I’m not really sure what to do with that. Does this mean that there are those that are not followers of Jesus but might still have the faith that amazes even God? Does God use people from outside the known boundaries to share the gospel? Why would Jesus heal a servant in that household, the household of the oppressors? Was it because the servant was Jewish? And there really are so many more questions that fill my thoughts. And honestly, I have no answers. And that’s okay. Sometimes part of our faith is in the not knowing, in the questioning, in the stretching of our minds and hearts.
The church I learned faith from stretched that faith by participating in Habitat for Humanity frequently. It became one of the go-to churches for the local Habitat leaders as far as seeking volunteers, finances and other efforts. One such effort was a house that they built after 9/11 with the local Mosque and Synagogue called the House of Abraham. The Cumberland Presbyterian Church was the church who joined with these two other organizations in providing a home for a family in the area. The relationships that were formed during that time were a testament to real faith. They all asked God’s blessing upon this family and the dwelling being built, and while all three groups met with opposition from members of their own religions they did not pull out of the project, but instead insisted that God was there in that work.
God was there, present, working through these people of faith to give shelter to the homeless, cloth the naked and give food and water to a family in need. Where people had drawn lines, these religious groups boldly stepped across them.
We like to draw lines of in and out, us vs them but as a seminary professor, Dr. Priebe, has said “every time you draw a line between who’s in and who’s out, you’ll find Jesus on the other side.”
I think there is a lot of truth to those words. God’s ways are not our ways. God does not have the same criteria, the same thoughts, the same ways as us, and boy am I thankful for that!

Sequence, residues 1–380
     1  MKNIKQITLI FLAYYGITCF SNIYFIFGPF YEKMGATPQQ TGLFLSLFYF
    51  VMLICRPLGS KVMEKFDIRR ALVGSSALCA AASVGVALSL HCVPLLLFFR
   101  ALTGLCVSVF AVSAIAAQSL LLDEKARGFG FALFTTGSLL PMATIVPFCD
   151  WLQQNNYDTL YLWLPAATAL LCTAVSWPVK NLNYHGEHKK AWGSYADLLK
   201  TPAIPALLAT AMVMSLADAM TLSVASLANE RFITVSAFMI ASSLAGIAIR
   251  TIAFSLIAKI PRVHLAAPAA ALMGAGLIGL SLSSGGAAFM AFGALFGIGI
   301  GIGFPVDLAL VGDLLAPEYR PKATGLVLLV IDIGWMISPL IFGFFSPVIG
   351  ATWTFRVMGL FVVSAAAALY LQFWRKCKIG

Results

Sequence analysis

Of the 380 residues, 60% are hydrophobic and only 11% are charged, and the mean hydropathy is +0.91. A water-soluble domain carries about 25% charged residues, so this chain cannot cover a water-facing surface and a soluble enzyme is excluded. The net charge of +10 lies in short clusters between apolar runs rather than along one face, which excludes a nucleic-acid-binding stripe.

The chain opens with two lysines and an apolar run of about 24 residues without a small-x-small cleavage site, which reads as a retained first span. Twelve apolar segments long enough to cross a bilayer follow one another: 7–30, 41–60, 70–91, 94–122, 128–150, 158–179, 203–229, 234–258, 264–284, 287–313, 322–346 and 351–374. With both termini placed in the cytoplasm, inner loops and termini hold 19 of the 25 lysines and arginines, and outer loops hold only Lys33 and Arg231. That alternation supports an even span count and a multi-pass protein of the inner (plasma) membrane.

I think at its heart this is a story about grace. Grace shared, by both the centurion and by Jesus. It’s about faith that moves mountains, even the mountains of social norms and expectations. And even with the questions it raises, its value to us as Christians today is tremendous.

May we strive to have the faith of the centurion, faith to step out of what we know and trust in the wildness and unpredictability of God. May we stop drawing lines and instead join Jesus on the outside!

Saturday, May 7, 2016

Freedom in Chains

Acts 16 sermon Easter 7 year C

Acts 16 Freedom in Chains

What does it look like to be free? We in America certainly have our own views about freedom. We tend to paint freedom with a brush that leads to financial success and a lack of trials or tribulations of any kind. Here in the south our image of freedom often includes the right to have firearms, to wear or carry a certain flag, to keep others from stepping into our space. We tend to have a limiting idea of freedom. “Your rights end where mine begin,” is not an uncommon phrase. Freedom is only freedom when it benefits us.

In today’s scripture lesson we begin with an instance of freedom. A girl who is doubly enslaved, by an earthly master and a spiritual oppressor stumbles upon Paul an Silas as they are teaching and preaching in the area. Instantly she recognizes them for what they are, truth speakers, those with the words of salvation, those with the knowledge to set people free.

She follows them around for days, scripture tells us and finally Paul has had enough. He is annoyed by her presence. He is annoyed by her words and proclamations and in this annoyance he casts out the demon inside of her. In one way she is set free. But what did this leave her captive too?

In his annoyance, Paul set her free, but seemed to pay no head to what might happen to her in this new found freedom. Just a few verses earlier Paul brings the good news to Lydia, a wealthy merchant woman and then stays at her house, uses it for a base of operations. But this girl, doesn’t get so much as a backwards glance.

In fact, I’m convinced she wouldn’t even have been a footnote in Christian history had she not been of value to someone else. Not emotional value, but financial value.

You see, people haven’t changed too much over the centuries. Mess with our money and we will come and get you! Paul had annoyed the wrong person with his action. He had taken the financial stability of someone else and the marketplace would not stand for that. This poor slave girls life has been dramatically changed, there are real possibilities for healing and restoration, and instead the money people get involved and we witness the marketplace at its worst.

They gather together against Paul and Silas. They were stripped and beaten with rods, then thrown into prison. Things look dark indeed. I find myself wondering if Silas had wished Paul had held his annoyance in a bit better. We don’t have a record of what they said to each other in that prison, with their hands and feet in stocks. But whatever it was encouraged them enough to begin singing songs. And not just any songs, but songs of praise!